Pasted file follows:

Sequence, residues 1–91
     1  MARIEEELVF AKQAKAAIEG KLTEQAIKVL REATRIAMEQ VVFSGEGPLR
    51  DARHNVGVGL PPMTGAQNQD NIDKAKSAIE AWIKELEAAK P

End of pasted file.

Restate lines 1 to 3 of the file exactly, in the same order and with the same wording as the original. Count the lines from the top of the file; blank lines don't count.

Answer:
Sequence, residues 1–91
     1  MARIEEELVF AKQAKAAIEG KLTEQAIKVL REATRIAMEQ VVFSGEGPLR
    51  DARHNVGVGL PPMTGAQNQD NIDKAKSAIE AWIKELEAAK P